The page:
## Initialising lists of arrays in Python

### January 23, 2009

I often work with lists of arrays or matrices. For example if I have a state sequence $X = {x_1, x_2 \ldots x_T}$, it’s often useful to store each state as a numpy.matrix so I can do fun things like write

```for x in X:
outer_product = x * x.T
```

which pleases me. Sometimes I need to initialise these lists and I keep tripping up on the same problem. I can think of two ways to initialise a list of arrays:

```[pylab.empty(n,m)] * T
[pylab.empty(n,m) for t in range(T)]
```

Way number one is BAD and doesn’t work quite how I’d expect. What happens is that the array is created and then repeated T times. This is bad because each element of the resulting list is simply a pointer at a single array. So whenever you change any element of the list it changes EVERY element of the list. Gah!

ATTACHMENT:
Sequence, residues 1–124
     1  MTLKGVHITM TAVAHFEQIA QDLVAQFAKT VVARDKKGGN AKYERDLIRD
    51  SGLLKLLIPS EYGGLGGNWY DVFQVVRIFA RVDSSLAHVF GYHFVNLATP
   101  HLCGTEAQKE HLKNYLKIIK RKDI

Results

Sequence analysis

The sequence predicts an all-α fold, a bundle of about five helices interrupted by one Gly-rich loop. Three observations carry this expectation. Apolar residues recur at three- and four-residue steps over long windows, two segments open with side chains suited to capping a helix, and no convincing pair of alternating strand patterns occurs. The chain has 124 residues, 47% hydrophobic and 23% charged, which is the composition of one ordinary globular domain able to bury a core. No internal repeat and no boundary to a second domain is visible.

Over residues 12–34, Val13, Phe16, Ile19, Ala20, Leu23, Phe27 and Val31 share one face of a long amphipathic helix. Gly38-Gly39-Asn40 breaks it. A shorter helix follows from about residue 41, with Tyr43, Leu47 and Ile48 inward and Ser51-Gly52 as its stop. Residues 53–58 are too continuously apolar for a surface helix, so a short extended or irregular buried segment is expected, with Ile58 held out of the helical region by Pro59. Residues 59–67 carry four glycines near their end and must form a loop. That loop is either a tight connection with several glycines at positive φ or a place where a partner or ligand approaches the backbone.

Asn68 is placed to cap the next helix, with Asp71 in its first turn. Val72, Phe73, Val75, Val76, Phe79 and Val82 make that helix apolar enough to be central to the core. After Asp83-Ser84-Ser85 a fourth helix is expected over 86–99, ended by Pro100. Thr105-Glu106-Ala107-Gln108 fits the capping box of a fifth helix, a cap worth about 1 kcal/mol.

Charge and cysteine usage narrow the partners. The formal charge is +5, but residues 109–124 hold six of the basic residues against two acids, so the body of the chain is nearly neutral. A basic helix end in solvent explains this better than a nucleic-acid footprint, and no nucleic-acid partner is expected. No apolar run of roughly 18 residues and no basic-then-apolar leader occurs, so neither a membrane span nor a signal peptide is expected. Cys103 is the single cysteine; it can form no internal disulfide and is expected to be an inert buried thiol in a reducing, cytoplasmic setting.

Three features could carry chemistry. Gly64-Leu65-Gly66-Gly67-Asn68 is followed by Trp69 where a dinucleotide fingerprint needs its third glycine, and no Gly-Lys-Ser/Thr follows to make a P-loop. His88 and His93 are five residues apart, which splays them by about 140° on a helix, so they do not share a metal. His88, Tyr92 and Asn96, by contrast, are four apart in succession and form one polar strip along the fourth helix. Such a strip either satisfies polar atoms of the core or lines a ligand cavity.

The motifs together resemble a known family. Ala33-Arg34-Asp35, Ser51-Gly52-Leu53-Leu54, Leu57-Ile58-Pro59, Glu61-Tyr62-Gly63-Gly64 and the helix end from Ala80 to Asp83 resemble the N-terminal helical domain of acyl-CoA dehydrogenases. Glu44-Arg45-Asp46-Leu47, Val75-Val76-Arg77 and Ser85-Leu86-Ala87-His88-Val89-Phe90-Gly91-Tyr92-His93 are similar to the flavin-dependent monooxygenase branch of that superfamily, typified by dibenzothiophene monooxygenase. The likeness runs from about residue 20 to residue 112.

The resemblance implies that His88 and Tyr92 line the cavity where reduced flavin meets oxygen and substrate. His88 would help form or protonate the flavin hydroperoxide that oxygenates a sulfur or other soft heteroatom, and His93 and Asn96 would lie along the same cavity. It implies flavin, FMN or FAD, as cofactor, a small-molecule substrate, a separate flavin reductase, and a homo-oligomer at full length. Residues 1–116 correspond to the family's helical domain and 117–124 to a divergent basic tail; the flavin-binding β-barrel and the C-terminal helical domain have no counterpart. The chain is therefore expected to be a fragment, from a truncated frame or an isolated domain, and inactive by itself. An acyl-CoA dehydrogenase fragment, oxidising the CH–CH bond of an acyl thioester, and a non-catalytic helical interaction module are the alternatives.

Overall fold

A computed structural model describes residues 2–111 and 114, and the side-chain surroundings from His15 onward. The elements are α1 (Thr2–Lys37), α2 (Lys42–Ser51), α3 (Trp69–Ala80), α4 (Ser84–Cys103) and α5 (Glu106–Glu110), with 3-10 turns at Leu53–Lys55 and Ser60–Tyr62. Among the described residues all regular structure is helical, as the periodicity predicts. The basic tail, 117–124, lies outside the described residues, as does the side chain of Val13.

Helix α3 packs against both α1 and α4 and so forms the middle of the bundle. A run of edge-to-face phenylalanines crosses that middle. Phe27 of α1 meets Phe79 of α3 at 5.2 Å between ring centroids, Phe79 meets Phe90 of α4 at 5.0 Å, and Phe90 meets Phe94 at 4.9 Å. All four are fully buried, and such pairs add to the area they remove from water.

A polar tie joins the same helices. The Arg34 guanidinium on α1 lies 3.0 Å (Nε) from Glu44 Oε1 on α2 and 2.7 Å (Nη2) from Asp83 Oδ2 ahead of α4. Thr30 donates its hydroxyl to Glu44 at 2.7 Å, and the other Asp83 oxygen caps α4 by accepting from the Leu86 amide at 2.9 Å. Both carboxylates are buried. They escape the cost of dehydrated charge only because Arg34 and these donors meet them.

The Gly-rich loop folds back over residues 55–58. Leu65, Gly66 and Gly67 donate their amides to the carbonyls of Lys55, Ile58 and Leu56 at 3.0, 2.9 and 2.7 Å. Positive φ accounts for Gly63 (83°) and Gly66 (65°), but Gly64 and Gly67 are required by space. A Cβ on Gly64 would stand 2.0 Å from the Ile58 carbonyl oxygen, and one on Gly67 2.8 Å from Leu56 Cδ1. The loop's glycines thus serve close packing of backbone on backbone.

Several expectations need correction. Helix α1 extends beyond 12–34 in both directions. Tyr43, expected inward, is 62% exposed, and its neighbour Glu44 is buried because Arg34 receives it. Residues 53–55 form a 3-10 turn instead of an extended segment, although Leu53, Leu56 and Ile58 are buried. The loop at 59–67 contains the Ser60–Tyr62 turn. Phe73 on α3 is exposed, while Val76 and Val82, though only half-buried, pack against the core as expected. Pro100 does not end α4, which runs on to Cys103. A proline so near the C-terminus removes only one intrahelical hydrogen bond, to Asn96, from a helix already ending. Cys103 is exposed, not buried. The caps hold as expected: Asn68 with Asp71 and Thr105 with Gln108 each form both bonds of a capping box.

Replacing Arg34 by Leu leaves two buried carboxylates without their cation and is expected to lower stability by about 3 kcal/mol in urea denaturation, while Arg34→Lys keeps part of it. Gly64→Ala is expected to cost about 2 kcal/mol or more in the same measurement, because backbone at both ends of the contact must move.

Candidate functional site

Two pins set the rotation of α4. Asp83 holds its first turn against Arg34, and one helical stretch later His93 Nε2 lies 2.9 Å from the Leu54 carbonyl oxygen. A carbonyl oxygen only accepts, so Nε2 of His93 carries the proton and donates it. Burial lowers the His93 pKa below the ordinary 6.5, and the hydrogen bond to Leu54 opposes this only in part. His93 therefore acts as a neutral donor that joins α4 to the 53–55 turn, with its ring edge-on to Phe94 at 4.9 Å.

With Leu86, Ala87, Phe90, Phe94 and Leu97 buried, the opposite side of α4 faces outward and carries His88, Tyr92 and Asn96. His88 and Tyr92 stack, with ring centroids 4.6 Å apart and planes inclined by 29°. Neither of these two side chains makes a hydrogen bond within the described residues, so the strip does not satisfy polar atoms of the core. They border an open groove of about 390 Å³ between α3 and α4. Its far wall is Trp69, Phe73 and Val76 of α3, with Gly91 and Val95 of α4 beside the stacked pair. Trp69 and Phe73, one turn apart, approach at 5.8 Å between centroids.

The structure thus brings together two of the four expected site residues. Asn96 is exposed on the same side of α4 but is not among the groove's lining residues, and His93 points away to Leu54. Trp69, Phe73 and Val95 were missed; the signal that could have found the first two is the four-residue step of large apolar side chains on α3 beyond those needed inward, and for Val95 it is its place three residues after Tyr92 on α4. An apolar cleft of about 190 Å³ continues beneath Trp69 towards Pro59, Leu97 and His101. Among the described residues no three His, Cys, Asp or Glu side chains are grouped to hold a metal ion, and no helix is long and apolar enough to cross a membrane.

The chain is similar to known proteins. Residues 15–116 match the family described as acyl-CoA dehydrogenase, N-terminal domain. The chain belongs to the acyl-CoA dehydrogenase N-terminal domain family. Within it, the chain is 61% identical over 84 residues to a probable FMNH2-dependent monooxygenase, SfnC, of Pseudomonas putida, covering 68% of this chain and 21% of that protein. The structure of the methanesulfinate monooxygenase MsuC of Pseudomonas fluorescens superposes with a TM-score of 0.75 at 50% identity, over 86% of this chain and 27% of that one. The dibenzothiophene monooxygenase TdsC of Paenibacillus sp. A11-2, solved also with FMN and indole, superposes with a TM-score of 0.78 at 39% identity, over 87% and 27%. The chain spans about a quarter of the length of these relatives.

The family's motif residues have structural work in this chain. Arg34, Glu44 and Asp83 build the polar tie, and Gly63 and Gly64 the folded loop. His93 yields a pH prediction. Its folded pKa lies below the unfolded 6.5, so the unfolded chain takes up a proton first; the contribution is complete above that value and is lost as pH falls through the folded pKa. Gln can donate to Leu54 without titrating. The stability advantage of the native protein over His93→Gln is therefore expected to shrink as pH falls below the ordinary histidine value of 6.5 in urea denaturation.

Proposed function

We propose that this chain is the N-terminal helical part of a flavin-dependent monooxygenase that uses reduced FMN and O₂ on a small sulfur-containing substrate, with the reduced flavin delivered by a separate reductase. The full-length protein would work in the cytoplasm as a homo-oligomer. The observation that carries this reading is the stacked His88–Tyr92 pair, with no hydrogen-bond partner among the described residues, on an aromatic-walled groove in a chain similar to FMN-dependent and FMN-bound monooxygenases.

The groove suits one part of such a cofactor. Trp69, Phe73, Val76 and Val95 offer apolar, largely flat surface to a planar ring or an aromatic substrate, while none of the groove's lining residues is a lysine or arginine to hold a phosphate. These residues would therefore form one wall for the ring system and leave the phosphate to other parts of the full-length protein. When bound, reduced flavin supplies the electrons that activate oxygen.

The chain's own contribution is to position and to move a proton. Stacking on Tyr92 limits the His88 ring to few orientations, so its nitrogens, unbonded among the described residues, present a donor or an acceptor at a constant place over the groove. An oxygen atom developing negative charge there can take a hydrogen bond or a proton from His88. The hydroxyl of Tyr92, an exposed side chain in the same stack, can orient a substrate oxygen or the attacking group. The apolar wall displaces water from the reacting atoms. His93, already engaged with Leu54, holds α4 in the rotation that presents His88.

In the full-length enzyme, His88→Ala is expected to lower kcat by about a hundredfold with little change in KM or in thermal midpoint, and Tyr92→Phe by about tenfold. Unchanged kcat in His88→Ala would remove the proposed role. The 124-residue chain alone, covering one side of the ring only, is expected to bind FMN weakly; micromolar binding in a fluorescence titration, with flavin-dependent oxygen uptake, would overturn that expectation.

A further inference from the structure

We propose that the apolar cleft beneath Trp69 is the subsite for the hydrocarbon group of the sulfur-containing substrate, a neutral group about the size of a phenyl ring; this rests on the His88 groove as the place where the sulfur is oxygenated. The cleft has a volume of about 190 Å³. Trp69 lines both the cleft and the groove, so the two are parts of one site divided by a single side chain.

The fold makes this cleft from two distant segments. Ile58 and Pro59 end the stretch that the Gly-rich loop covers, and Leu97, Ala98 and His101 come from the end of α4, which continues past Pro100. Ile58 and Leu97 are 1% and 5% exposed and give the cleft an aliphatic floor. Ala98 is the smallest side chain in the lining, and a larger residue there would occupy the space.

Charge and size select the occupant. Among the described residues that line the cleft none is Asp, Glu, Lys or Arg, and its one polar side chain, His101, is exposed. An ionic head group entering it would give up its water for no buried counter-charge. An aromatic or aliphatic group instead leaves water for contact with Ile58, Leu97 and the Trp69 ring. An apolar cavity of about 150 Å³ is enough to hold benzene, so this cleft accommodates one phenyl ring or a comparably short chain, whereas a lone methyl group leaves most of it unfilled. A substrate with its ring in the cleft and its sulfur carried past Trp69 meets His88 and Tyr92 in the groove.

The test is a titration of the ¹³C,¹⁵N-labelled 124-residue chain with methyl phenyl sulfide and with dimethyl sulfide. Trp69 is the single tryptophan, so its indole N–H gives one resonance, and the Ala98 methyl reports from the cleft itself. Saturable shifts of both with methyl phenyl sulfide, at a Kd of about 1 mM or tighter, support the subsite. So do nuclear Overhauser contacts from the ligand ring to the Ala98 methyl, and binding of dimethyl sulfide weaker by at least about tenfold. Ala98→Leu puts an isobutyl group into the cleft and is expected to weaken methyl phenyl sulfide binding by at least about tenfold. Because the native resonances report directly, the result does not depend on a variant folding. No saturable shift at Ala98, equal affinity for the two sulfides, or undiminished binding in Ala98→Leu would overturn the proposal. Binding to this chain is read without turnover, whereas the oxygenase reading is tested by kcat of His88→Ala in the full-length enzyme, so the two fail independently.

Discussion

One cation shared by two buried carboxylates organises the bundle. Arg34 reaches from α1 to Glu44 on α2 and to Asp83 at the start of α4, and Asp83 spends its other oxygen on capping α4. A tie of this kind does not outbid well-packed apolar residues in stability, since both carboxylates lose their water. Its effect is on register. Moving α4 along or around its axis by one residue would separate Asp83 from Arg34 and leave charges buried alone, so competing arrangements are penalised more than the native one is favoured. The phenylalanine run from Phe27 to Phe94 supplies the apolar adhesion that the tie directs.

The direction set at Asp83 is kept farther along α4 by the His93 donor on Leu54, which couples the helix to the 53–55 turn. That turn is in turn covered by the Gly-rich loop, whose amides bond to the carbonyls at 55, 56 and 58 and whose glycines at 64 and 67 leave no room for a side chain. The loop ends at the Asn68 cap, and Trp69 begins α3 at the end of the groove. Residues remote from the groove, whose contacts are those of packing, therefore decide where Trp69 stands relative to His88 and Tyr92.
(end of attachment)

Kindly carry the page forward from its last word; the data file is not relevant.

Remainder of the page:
Way number two is better! Here the list comprehension makes T empty matrices, which you can then edit to your heart’s content. Hurrah!

### 3 Responses to “Initialising lists of arrays in Python”

1. jameshensman Says:

Hey up.

could you explain what the empty() command produces, please?

Whats wrong with [np.zeros((n,m)) for t in range(T)]?

James.

2. mikedewar Says:

empty() makes an array with seemingly crazy numbers in it. Apparently it’s “marginally” faster than zeros (see http://docs.scipy.org/doc/numpy/reference/generated/numpy.empty.html ) but what I like about it is that when I forget to fill it up, the crazy values are likely to cause much more problems than some happy quiet little zeros.

In all honesty, though, I doubt it makes much difference!

3. jameshensman Says:

Ah, makes sense. I like the mentality of “I’m going to make this fragile so that it will either work fine or explode like a fistful of lithium”. Nice 🙂